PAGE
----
A Performance Review That’s Not a Winner

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    A not so great performance review doesn’t have to be a career setback.

    Recently I coached a talented project manager who had received a not so stellar performance review that could impact her career advancement. Getting negative feedback from your boss is not a joyride. In fact, it can be devastating. I know from experience. So what do you do?

    My first reaction was to go home and hide under the bed covers – not a very mature response. But the next day, I let go of my embarrassment and started a list of concrete actions that would lead to performance improvement. I then went to my boss, now feeling more confident, and reviewed my list. We agreed on two performance areas that needed improvement; scheduled training and special assignments to develop specific skills; and finally set a time table to keep me on track.

    What did I learn from that experience?

    1. Reflect before reacting.
    It’s far too easy to be defensive. Let the results sink in before you do anything. Does the feedback ring true? Is there concrete evidence? Does it resonate with things you’ve heard in the past?

    2. Decide what to change.
    What feedback is most important to you as a leader, manager or professional? What are the two or three things you can start working on immediately to get results? It’s important to show improvement quickly so you won’t get labeled as a poor performer.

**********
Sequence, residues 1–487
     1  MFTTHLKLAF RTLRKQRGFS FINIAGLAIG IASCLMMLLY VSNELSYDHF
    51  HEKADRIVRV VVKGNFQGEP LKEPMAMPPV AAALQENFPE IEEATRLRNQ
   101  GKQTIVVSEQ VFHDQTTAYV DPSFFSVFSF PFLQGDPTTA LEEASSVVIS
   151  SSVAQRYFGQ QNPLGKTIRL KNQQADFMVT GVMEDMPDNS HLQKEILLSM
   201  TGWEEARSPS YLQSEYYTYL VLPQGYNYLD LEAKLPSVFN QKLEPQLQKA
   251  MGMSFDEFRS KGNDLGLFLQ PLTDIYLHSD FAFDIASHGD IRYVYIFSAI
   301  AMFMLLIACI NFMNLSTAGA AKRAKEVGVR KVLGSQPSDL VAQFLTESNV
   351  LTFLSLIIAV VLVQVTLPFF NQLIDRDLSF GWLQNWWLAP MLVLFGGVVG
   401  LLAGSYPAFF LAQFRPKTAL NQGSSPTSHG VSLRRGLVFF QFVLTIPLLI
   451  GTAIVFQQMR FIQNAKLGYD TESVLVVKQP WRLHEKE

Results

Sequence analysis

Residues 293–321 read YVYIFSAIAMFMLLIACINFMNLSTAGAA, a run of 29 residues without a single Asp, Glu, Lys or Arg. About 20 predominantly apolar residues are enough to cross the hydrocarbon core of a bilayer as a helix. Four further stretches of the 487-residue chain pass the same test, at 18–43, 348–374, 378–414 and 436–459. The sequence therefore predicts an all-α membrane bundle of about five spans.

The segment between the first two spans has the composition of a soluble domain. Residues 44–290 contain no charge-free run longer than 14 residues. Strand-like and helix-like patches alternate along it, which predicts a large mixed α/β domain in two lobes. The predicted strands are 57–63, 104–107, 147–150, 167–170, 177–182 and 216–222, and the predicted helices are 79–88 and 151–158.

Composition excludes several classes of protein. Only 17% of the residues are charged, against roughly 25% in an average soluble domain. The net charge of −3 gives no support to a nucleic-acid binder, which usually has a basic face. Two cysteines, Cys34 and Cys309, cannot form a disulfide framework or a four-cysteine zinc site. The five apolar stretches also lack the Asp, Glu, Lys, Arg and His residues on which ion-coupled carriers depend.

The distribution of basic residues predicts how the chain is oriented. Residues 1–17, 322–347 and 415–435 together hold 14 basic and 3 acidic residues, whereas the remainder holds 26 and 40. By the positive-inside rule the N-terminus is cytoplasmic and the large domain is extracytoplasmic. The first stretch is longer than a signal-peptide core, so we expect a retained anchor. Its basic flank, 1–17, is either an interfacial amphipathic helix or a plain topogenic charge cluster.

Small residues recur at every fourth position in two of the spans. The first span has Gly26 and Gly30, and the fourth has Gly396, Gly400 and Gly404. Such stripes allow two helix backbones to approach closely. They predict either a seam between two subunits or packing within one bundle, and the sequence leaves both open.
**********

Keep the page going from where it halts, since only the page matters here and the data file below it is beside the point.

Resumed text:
3. Get support from others.
    Ask your manager, as well as other key people (peers, direct reports, mentors, etc) to give you regular feedback as you make the needed changes. Avoid vague questions like: “How am I doing?” Rather, ask for specific feedback. “How was my presentation on target and off target?”

    How did the project manager avoid a career setback?

    Well she choose to work on her leadership style. She admitted she was a perfectionist – detailed oriented, focused on facts, and very cautious to take a stand fearing it may be the wrong decision. That led to her projects getting behind schedule. So she decided to improve her delegation, decision making and communication skills. She also kept her manager in the loop and requested regular feedback from him.

    Bottom line: Her projects are meeting the milestones set by her boss; she is more self assured and able to let go of responsibility and authority; and she’s back on a career track for advancement.

    Readers, how have you turned around a poor performance review?

    Do you want to develop Career Smarts?